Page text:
Where Your Favorite Summer and Fall Birds are Today

Mon, 11/23/2020 - 11:00am

As we enjoy seeing birds that nest far to our north arrive for the winter here in Maine—birds like buffleheads, horned grebes, snow buntings, common redpolls, and others—we have been thinking about the birds that nested here this summer or passed through Maine on migration. They are now arriving far to our south.

Our friends from Aruba, the small island nation just off the coast of South America for which we have written a bird and site guide, have been noting the arrival of many of their winter birds. Ospreys that may have spent the summer here plunging into the cold waters off the spruce-covered headlands of the Maine coast spend the winter diving in the tropical blue waters around the sandy bays and coral reefs of places like Aruba. The chattery barn swallows that nested under the eaves of the shed or under a nearby bridge this summer in our area could be the same ones skimming low over the Bubali ponds on Aruba or even as far south as Argentina and Brazil.

Species like the flame-orange throated blackburnian warblers that sang all summer from the tippity-top of Maine’s tall spruces and hemlocks have now arrived in force in the Andes of Colombia and Ecuador. Brilliant scarlet tanagers likewise are being reported by birders as far south as Peru. Tail-wagging palm warblers have now arrived in Mexico, Cuba, Haiti, the Dominican Republic, Jamaica, and Puerto Rico. That’s about as far south as they normally go in winter.

With climate change keeping things warmer later in the season, some species seem to have very “stretched out” early winter ranges nowadays. American redstarts are already hanging out in mangroves and other shrubby areas on Aruba and in forests as far south as Ecuador. But a few are still lingering way up here New England—and one even in Nova Scotia! In between Ecuador and Nova Scotia are many more.

Our friends on Aruba have been regularly noting the rattle calls of belted kingfishers over the shallow salinas there, which is near the southern limit of where they have been spotted so far this winter. But the eBird map of sightings for the last month shows that they are still widespread across the U.S. and southern Canada. In fact, there are multiple sightings as far north as coastal Alaska on the Pacific Coast and Newfoundland on the Atlantic.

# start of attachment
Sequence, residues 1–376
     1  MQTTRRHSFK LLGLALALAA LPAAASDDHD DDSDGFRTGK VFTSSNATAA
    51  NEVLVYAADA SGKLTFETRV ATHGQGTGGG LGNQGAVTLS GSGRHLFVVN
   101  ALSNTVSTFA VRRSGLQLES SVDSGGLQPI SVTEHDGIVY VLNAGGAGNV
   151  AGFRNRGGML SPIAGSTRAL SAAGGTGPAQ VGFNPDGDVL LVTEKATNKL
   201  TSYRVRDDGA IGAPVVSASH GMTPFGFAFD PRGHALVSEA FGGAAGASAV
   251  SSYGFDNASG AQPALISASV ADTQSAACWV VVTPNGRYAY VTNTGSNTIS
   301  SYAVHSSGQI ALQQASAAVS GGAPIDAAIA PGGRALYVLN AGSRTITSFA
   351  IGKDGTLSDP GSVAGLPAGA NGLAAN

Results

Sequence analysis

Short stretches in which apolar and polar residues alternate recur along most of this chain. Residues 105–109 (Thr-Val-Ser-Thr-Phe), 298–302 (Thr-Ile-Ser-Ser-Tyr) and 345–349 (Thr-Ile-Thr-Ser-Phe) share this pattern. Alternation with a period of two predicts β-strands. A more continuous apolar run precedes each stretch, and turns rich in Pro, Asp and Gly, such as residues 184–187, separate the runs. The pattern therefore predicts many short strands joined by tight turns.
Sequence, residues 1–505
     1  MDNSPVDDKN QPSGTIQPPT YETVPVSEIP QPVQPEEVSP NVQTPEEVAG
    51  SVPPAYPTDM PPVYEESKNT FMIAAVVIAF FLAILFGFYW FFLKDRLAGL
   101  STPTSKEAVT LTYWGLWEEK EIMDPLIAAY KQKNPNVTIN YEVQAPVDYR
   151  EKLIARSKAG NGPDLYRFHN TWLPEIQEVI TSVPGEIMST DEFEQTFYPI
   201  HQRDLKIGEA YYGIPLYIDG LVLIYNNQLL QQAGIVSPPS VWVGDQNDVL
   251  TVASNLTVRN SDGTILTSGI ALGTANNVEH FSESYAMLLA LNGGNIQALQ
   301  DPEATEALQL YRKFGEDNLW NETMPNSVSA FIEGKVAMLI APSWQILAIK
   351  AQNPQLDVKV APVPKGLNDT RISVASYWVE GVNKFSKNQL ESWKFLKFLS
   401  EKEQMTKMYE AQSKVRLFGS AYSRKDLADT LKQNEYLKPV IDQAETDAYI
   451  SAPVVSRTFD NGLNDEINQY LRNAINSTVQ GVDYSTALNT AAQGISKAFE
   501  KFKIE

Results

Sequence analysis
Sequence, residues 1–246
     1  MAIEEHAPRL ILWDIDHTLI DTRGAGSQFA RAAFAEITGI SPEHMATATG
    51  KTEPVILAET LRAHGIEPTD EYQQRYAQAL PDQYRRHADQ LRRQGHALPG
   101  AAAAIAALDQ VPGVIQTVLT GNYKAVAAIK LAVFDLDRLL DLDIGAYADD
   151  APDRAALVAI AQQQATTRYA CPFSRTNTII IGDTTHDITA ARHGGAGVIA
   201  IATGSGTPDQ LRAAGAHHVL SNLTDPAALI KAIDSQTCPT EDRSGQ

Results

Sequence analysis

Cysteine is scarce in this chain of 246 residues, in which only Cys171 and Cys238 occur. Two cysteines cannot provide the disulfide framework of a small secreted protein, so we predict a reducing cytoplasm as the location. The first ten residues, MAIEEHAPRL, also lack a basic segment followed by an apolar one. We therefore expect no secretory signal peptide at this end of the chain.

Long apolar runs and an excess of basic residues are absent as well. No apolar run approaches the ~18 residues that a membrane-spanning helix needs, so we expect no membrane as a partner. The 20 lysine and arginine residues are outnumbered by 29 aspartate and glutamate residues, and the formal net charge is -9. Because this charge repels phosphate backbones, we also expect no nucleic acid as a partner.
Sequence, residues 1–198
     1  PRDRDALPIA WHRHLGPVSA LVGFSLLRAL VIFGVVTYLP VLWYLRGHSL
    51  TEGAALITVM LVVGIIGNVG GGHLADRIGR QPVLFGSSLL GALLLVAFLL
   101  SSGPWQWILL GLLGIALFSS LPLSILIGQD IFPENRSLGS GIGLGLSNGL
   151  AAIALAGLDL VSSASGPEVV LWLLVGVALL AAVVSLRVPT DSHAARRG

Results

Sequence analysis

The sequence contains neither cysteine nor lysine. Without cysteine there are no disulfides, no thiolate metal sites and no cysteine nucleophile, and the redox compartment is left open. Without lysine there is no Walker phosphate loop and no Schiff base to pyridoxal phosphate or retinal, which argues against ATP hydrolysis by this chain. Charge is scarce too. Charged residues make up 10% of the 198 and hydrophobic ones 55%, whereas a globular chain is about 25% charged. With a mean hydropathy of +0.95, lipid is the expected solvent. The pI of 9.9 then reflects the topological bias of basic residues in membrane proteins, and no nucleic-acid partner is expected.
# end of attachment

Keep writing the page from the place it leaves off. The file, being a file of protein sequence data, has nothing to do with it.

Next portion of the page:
Those famous long-distance overwater migrants, blackpoll warblers, a species that nests on mountaintops here in Maine and that can sometimes be relatively numerous in fall migration, sometimes descend on the island of Aruba in numbers in fall migration. Birders there are not seeing a massive fallout now but small numbers are moving through the island on their way farther south; they have been recorded in Venezuela, Colombia, and Ecuador this month. Amazing to think that even just a few weeks ago a few blackpoll warblers were observed right here in Maine.

One of the most “stretched-out” current winter ranges of our migrant birds is the one shown by the long-legged shorebird, the greater yellowlegs. A map from eBird shows that in the last month these birds have been seen as far north as southern Canada and as far south as the southern end of South America—in Tierra del Fuego, Argentina, only about 600 miles from Antarctica (don’t forget it is summer in the southern hemisphere)! And yet dozens of greater yellowlegs have been seen across Maine through November as well. When will they depart? Only the records of birders like all of you will tell us! We hope you are all able to get out and enjoy the birds even during these trying times. Have safe and peaceful Thanksgiving!

Jeffrey V. Wells, Ph.D., is a Fellow of the Cornell Lab of Ornithology and Vice President of Boreal Conservation for National Audubon. Dr. Wells is one of the nation's leading bird experts and conservation biologists and author of the “Birder’s Conservation Handbook.” His grandfather, the late John Chase, was a columnist for the Boothbay Register for many years. Allison Childs Wells, formerly of the Cornell Lab of Ornithology, is a senior director at the Natural Resources Council of Maine, a nonprofit membership organization working statewide to protect the nature of Maine. Both are widely published natural history writers and are the authors of the popular book, “Maine’s Favorite Birds” (Tilbury House) and “Birds of Aruba, Bonaire, and Curaçao: A Site and Field Guide,” (Cornell University Press).